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I have the following construct: A base-class which does some loading tasks asynchronously and a inherited class which only converts the result of the base-class into a special data-type (it's just a generic version with some extensions, but those are not of importance).

I initially call the inherited class' Process-method:

    public TOut Process(object parameters)
        return (TOut) StartProcessor(parameters).Result;

This method calls the following method of the base:

    protected async Task<object> StartProcessor(object parameters)
        if (State == PipelineState.Running) return null;
        if (!ValidatePipeline())
                "Pipeline can't start processor: There are some broken segment chain-links. Check your segment settings.");
            return null;

        State = PipelineState.Running;

        object result = await Task.Run(() => RunPipeline(parameters));


        if (result is PipelineState)
            State = (PipelineState) result;
        State = result != null ? PipelineState.Finished : PipelineState.Failed;

        RecentProcessTime = _stopwatch.Elapsed;
        Logging.Debug("Finished process for pipeline {0} in: {1} ms.", Identifier,

        return result;

    private object RunPipeline(object parameter)
        object recentResult = null;
        for (int i = 0; i < SegmentCount; i++)
            if (_cancelProcess) // Cancel process
                return PipelineState.Cancelled;

            PipelineSegmentBase seg = Segments[i];
            if (i == 0) // If first, do initial process
                recentResult = seg.Process(parameter, ProcessingDirection);
            if (i > 0 && recentResult == null) // If not first and recent result was null, process failed
                return PipelineState.Failed;

            seg.Process(recentResult, ProcessingDirection); // Process

        return recentResult ?? PipelineState.Failed;

Now, of course, the inherited class' Process-method deadlocks because of the Result-property. But how the heck can I avoid this? I saw a lot of articles which were great for void-methods. But I got something I have to return to the calling class. Must I return a Task in the Process-method? What can I do so that this runs asynchronously whilst it still returns the object at the end?

I really don't understand that... With void-methods it's simple, but as I need to get the Result of this task, it deadlocks. I don't get how this should ever work :-/

EDIT: Here it happens obviously...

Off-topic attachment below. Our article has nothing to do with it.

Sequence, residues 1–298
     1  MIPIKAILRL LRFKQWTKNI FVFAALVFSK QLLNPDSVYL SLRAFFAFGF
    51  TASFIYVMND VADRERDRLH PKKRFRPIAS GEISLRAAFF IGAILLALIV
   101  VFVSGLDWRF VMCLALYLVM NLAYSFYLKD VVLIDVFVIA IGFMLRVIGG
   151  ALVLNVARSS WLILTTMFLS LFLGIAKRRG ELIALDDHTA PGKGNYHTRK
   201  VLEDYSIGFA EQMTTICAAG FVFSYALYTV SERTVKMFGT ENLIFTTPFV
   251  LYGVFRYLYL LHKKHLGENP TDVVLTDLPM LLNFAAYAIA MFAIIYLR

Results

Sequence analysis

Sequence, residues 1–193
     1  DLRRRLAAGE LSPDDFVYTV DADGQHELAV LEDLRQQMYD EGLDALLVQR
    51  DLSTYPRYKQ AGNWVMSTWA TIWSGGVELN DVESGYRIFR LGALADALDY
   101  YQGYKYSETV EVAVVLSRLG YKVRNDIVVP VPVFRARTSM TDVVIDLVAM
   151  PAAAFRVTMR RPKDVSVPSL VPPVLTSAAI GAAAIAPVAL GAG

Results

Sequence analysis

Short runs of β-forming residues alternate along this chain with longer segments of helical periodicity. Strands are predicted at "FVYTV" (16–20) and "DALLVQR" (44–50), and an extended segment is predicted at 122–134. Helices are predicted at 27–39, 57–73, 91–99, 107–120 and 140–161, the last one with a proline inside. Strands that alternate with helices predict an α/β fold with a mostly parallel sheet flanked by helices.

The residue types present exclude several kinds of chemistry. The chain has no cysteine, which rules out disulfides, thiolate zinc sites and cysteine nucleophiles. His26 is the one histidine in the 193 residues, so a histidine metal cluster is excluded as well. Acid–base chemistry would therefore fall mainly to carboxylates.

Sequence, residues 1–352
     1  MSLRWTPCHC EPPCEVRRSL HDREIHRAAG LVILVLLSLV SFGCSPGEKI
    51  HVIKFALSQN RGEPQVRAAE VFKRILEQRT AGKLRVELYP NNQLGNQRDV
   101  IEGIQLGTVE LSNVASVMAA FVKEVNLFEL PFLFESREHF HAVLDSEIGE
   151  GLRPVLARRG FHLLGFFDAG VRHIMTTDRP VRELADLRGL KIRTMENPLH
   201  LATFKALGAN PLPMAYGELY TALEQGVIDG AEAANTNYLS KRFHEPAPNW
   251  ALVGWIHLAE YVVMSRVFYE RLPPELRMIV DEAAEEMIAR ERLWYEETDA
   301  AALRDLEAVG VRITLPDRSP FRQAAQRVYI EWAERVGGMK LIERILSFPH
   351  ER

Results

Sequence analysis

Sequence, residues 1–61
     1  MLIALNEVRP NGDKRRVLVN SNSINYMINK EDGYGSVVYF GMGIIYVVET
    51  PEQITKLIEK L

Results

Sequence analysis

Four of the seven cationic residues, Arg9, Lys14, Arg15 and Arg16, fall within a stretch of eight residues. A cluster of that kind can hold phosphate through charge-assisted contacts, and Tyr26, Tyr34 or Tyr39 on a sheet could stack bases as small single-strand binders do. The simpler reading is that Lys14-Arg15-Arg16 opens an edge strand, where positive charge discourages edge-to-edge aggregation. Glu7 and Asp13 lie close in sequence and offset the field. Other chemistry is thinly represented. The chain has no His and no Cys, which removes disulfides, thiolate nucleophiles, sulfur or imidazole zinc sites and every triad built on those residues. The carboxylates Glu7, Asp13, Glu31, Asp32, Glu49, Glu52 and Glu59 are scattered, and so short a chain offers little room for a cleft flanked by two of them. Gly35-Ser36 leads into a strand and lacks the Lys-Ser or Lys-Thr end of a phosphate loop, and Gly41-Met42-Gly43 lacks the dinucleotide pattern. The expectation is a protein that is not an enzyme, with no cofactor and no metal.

public override object Process(object input, PipelineDirection direction)
        if (!IsValidInput(input)) return null;
        Stream str = (Stream) input;
        // DEADLOCK
        return Core.IDE.GetGUICore().GetUIDispatcher().Invoke(() =>
            Image i = new Image();
            i.Source = BitmapFrame.Create(str);
            return i;


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1 Answer 1

Must I return a Task in the Process-method?

That's the best solution, yes:

public Task<TOut> ProcessAsync(object parameters)
    return StartProcessorAsync(parameters);

What can I do so that this runs asynchronously whilst it still returns the object at the end?

Those two statements don't make sense together. Think about it. You want it to run asynchronously and yet synchronously return the result.

The best solution is to allow the code to be asynchronous. If StartProcessorAsync is asynchronous, then everything that calls it should be asynchronous, too. This is the natural way to write asynchronous code.

There are various hacks to try to get synchronous over asynchronous working, but none of them work in all scenarios - because, in some way, every one of those hacks must try to force the asynchronous work to complete synchronously. That just doesn't work cleanly; the best solution is to allow asynchronous work to be asynchronous.

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Ok, makes sense. But when I now want to load something huge, maybe process the data in a complex way. Let us say this process takes about 20 seconds to finish. I don't want to have my UI-Thread frozen during this time. What is the best practice to let the program do this process, while I still have the processed data at the end? Somehow this must work, otherwise it would never make sense using the TPL for tasks which actually return something. Or err I? –  SharpShade Apr 29 at 18:57
If your UI thread uses await, then it won't be frozen. await allows that method to asynchronously wait for the result. You can use Task.Run to execute CPU-bound code and await the result, or you can use TPL Dataflow if your needs are more complex. –  Stephen Cleary Apr 29 at 19:15
Ok thank's for that, that's not really new to me.. But for using await you need to declare a method as async. If I declare the calling method as async it has to return a task. Then I have to call "Result" again and don't I then get a deadlock again? Isn't it always the same problem? –  SharpShade Apr 29 at 19:30
It has to be "async all the way". In a UI app, this can mean you end up at an async event handler. The reason for this is because of the way async/await work: they do not use DoEvents or anything evil like that; instead, they return all the way out and then resume later. –  Stephen Cleary Apr 29 at 19:36
It deadlocks because Invoke is waiting for the UI thread, and the UI thread is blocked waiting for the task to complete. It's similar to but not exactly the same as this deadlock situation I describe on my blog. You could implement asynchronous code using events, but async and await are much cleaner and easier to use. –  Stephen Cleary Apr 29 at 19:53

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